The oldest of the imperial cities in Morocco (Meknes, Rabat, and Marrakech are the others), Fes is home to the most complete medina (old quarter) in the Arab world. Much of the city has remained untouched over the centuries, resulting in a more authentic medieval experience. Divided into three main areas of interest, you will explore two medina quarters, the older Fes el Bali and the newer Fes el Jdid, and the French-influenced Ville Nouvelle. Meet your guide and begin your tour in Fes el Bali at the Bab Boujeloud gate, working your way in along the main thoroughfare, Talâa Kebira.
Navigate the narrow, windy streets to find the Chouara Tannery. Climb to the rooftop of a nearby leather shop for an encompassing view of the men at work—a practice that is little changed in hundreds of years. Find the 9th-century Al-Qarawiyyin University, one of the oldest universities in the world. Head to the Al Attarine Madrasa to see examples of Moroccan artisanship throughout. Make your way to Fes el Jdid to check out the Mellah (Jewish quarter and cemetery) and take advantage of its location for an overview of the city.
Day 5: Erfoud, Merzouga & the Sahara
Chat with a local specialist who can help organize your trip.
Get an early start today—you'll be covering a lot of ground as you head over the Middle Atlas, through a cedar forest, and into the desert region. There are several towns to stop along the way before arriving at the dunes of the Sahara near Merzouga.
After the town of Azrou, climb up and over the Col du Zad pass and through the cedar forests of the Middle Atlas mountains. Keep your eyes peeled for families of Barbary macaque monkeys in the trees and by the side of the road. Enjoy a short lunch stop in Midelt, known as the "Apple City;" the nearby River Moulouya allows for orchards to grow in the desert. Continue over the Tizi-n-Talremt pass and into the Ziz Valley. Along the road, you'll see fortified houses known as ksars built by merchants to protect precious wares like gold, salt, and spices.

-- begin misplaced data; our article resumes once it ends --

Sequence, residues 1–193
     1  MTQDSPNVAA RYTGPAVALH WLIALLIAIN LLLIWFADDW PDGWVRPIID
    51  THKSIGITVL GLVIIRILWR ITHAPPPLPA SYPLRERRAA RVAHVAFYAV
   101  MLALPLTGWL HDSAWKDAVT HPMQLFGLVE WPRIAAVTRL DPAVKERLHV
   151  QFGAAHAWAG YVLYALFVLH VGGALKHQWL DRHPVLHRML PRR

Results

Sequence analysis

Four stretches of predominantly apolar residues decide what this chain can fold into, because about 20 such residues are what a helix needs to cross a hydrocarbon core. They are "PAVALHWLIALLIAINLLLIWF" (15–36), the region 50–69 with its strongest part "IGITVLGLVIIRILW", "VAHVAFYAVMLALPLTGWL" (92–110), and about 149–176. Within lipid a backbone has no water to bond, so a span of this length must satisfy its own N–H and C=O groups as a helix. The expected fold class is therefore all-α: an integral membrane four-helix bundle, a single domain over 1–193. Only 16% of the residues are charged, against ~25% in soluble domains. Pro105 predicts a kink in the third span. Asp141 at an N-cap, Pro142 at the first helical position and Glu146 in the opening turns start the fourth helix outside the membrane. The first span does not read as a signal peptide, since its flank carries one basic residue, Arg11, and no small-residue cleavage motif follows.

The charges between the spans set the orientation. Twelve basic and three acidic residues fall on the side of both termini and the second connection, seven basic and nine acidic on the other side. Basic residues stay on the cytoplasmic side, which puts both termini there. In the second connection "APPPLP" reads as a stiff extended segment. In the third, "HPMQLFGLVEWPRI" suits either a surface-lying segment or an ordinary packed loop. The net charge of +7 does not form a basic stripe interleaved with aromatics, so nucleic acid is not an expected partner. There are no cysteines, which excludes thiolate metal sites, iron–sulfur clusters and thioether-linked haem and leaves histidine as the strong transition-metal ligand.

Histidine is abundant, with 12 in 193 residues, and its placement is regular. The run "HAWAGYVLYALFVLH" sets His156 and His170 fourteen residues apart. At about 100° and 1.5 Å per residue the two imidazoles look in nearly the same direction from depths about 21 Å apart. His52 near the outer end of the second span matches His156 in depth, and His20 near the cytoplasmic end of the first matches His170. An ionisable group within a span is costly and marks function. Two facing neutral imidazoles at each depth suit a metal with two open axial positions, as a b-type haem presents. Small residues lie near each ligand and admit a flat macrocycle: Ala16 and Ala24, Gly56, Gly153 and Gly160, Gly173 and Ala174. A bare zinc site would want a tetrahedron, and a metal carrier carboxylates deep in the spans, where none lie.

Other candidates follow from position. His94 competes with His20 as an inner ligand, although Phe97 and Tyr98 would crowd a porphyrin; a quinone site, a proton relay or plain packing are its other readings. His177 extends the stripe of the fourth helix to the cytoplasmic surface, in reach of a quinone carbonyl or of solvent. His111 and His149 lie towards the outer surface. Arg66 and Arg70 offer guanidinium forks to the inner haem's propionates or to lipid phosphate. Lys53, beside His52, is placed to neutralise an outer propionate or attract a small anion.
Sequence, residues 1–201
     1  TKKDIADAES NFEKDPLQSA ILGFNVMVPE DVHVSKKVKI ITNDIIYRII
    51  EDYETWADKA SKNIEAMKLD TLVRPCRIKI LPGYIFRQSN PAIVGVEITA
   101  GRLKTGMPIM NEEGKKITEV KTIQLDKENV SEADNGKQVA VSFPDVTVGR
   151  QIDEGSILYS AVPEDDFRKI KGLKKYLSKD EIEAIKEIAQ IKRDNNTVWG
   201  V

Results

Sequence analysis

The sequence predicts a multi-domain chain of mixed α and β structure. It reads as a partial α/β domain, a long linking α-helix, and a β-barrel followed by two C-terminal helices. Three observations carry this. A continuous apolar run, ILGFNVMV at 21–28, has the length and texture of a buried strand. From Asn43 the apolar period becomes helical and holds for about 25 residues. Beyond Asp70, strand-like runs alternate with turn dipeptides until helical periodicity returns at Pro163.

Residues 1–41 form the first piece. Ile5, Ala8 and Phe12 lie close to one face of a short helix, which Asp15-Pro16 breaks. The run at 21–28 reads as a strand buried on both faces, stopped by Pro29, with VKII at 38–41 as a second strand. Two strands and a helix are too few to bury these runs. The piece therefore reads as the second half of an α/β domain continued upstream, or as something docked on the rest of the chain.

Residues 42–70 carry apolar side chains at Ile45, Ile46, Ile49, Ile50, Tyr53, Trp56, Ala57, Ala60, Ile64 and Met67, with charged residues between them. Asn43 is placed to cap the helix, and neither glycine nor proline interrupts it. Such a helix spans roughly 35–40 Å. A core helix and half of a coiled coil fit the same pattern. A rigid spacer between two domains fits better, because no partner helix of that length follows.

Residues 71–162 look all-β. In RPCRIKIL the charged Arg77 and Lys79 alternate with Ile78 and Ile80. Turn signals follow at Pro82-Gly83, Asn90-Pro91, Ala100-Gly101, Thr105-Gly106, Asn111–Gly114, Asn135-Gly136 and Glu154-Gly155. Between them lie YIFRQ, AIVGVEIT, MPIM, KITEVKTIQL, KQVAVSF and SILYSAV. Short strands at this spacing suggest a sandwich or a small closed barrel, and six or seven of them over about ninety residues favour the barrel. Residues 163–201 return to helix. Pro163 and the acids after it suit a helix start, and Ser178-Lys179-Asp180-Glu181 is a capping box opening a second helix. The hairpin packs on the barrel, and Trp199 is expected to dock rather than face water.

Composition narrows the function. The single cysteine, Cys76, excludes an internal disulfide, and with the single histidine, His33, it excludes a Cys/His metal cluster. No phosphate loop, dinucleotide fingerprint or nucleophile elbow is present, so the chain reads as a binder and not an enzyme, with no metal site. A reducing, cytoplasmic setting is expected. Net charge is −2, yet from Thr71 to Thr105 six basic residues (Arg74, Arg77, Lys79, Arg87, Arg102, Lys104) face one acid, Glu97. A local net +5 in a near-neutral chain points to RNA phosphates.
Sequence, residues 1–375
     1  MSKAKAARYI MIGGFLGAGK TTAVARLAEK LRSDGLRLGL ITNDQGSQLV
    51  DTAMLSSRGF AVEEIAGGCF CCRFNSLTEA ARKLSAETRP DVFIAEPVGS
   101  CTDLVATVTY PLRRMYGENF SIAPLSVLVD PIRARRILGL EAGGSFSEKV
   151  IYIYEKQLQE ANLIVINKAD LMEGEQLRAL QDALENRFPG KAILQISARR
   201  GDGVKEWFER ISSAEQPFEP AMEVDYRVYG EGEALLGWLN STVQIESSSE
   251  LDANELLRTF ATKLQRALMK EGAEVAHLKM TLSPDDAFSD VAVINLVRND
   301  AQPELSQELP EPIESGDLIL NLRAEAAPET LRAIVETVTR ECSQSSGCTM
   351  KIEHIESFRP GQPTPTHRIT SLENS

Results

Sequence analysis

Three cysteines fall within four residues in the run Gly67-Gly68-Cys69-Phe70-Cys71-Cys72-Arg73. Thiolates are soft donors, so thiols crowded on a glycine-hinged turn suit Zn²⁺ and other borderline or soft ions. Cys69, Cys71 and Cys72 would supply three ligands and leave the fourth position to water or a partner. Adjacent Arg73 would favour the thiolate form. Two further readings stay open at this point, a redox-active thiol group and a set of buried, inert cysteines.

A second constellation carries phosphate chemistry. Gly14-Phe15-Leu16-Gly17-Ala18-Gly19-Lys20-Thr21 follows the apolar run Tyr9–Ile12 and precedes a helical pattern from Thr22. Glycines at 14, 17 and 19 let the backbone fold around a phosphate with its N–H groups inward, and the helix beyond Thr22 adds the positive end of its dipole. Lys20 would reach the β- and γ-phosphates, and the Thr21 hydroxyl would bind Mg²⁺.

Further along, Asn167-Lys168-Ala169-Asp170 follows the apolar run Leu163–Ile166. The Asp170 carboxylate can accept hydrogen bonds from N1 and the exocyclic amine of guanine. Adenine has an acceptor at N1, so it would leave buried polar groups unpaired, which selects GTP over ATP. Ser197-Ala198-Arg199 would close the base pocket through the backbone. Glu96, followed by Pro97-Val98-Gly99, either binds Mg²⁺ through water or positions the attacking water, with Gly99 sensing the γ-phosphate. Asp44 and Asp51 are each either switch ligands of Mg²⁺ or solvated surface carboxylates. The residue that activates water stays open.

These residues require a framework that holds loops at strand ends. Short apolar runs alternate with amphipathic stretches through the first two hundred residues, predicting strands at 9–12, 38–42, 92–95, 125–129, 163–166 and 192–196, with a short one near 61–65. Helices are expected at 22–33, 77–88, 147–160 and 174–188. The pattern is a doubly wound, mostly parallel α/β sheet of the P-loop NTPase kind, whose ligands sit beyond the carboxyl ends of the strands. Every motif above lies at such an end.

Erfoud is a bustling market town, known for its date festival and its fossil mining and artisan factories (you may have already seen some fossils in the markets). While in town, stop at a local artisan collective where you can to learn about the types of fossils found in the area and to see the full process of how the fossil-rich rock is transformed into beautiful objects, large and small.
Soon you will see Erg Chebbi in the distance, an extensive sand dune sea. The dunes, some more than 200 m tall, change color depending on time of day, becoming most vibrant at sunset. Stop near Merzouga for a camel ride through the dunes, arriving at camp just before sunset. Climb up the nearest sand dune to watch the colorful display, then head back to camp for dinner, enjoying traditional Berber music.
Day 6: Desert Adventures Around Merzouga, Rissani Market, Todra Gorge
Spend the morning exploring more of the Sahara: rent a sand board and test your skills on the dunes, take the Erg Shibi tour, join a quad ATV tour, or simply relax for a bit by a pool. If you're an early riser, you'll be rewarded with a sunrise to remember. Or take a tour of nearby Khamleya, a traditional Saharan village where you can enjoy drumming and dancing before checking out the farmed plots in the sand.
As you leave the Merzouga region, stop in Rissani, another market town with a most impressive gate at the entrance into town. It is a good place to take a walk around a traditional market, especially on market days when many animals are bought and sold. Be sure to stop by the "donkey parking lot" while you're here.
Make a stop in Tinerhir to admire the river oasis that extends on either side of the town. The surrounding desert landscape reveals impressive buttes, mesas, and plateaus. Nearby, you will have the opportunity to explore the Todra Gorge, a 984 feet (300 m) deep ravine, cut by the Todra River.
Day 7: Dades Valley, Ouarzazate, Aït Benhaddou
Rise early to witness a Saharan sunrise, before exploring more of the desert: rent a sandboard, join the Erg Shibi tour (around the sand dunes) or a quad ATV tour. Head south to Khemliya to explore this traditional Saharan village. You will have a second chance to stop in Rissani to visit Maison Tuareg, a storehouse selling traditional carpets, jewelry, and leather goods. From there, pass through umbrella-shaped trees of the acacia forests before reaching Alnif for lunch. Continue on through the Draa Valley, dense with date palmeries and the opportunity to pick up a box of dates for the drive.
Continue west to medieval Aït Benhaddou. A protected UNESCO site, Aït Benhaddou is the most famous kasbah in Morocco and once upon a time, held an important position along the trans-Saharan trade route between Marrakech, Ouarzazate, and the southern desert. Spend the night in the old town and wander the empty alleys after the day-crowds have left. Pay a nominal fee to enter a few of the kasbahs and climb up to the rooftop for pretty views of the surrounding ksours (individual kasbahs) and Ouarzazate Valley.